Conclusion

In this paper we have proposed a graph kernel approach to extracting protein-protein interactions, which captures the information in unrestricted dependency graphs to a format that kernel based learning algorithms can process. The method combines syntactic analysis with a representation of the linear order of the sentence, and considers all possible paths connecting any two vertices in the resulting graph. We demonstrate state-of-the-art performance for the approach. All software developed in the course of this study is made publicly available at [22].

A cross-corpus evaluation is performed to test whether an extraction system will work beyond the corpus it was trained on. We observe this to be the case, though results are generally worse than when training and testing on data from the same corpus. Having a larger amount of data available leads to better performance. Extraction systems trained on the largest corpora work on the smallest ones in some cases as well as systems trained on data directly from the smaller corpora themselves.

We identify a number of issues which make results achieved with different evaluation strategies and resources incomparable, or even incorrect. In our experimental design we consider the problems related to differences across corpora, the effects different cross-validation strategies have, and how parameter selection can be done. Our recommendation is to provide evaluations over different corpora, to use document-level cross-validation and to always select parameters on the training set.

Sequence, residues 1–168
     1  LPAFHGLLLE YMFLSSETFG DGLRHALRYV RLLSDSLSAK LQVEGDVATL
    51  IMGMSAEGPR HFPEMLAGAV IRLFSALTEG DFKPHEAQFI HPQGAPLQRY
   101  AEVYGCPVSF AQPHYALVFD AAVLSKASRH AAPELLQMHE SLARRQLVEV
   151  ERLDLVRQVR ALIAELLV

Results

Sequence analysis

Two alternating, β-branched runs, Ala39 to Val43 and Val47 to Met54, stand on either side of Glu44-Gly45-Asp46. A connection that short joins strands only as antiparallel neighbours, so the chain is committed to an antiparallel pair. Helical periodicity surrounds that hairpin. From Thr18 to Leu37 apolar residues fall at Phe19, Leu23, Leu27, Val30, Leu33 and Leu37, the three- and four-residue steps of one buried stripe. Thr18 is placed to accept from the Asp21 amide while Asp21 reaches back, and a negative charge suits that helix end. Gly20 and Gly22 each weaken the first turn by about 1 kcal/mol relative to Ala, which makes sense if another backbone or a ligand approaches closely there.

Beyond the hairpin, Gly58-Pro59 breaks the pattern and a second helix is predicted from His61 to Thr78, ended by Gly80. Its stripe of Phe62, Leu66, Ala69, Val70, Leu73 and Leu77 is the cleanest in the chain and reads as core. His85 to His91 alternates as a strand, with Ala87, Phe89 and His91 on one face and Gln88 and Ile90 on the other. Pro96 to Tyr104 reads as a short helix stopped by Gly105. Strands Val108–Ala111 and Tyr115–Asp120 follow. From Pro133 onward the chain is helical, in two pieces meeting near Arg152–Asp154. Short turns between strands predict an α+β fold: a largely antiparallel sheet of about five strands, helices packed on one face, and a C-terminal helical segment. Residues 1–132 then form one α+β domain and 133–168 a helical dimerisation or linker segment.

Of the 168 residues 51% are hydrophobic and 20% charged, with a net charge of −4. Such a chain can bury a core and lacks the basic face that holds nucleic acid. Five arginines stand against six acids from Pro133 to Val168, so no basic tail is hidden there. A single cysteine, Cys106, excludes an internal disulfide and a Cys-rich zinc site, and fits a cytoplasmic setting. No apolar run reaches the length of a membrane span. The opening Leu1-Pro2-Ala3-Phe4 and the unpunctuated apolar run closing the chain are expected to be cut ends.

We draw attention to the behavior of the F-score metric over corpora with differing pair distributions. The higher the relative frequency of interacting pairs is, the higher the performance can be expected to be. This is noticed both for the graph kernel method and for the naive co-occurrence baseline. Indeed, the strategy of just stating that all pairs interact leads to as high a result as 70% F-score on one of the corpora. We consider AUC as an alternative measure that does not exhibit such behavior, as it is invariant to the distribution of pairs. The AUC metric is much more stable across all the corpora, and never gives better results than random for approaches such as the naive co-occurrence.

Though we only consider binary interactions in this work, the graph representations have the property that they could be used to represent more complex structures than pairs. The availability of corpora that annotate complex interactions, such as the full BioInfer and GENIA, makes training a PPI extraction system for extracting complex interactions an important avenue of future research (see [38] for further discussion). However, how to avoid the combinatorial explosion following from considering triplets, quartets etc. remains an open question. Also, the performance of the current approaches may need to be yet improved before extending them to recognize complex interactions.

Competing interests

The authors declare that they have no competing interests.

Authors' contributions

AA designed the graph kernel, implemented it with the help of JB, and had the main responsibility for experiments. AA, FG, JB and SP explored suitable features and their representations. TP provided the sparse RLS algorithms and advice on kernel design. AA was the main author of the manuscript with contributions from all other authors, all of whom read and approved the final version.

Acknowledgements

We would like to thank Razvan Bunescu, Claudio Giuliano and Rune Sætre for their generous assistance in providing us with data, software and information about their work on PPI extraction. Further, we thank CSC, the Finnish IT center for science, for providing us extensive computational resources. This work has been supported by the Academy of Finland and the Finnish Funding Agency for Technology and Innovation, Tekes.

This article has been published as part of BMC Bioinformatics Volume 9 Supplement 11, 2008: Proceedings of the BioNLP 08 ACL Workshop: Themes in biomedical language processing. The full contents of the supplement are available online at http://www.biomedcentral.com/1471-2105/9?issue=S11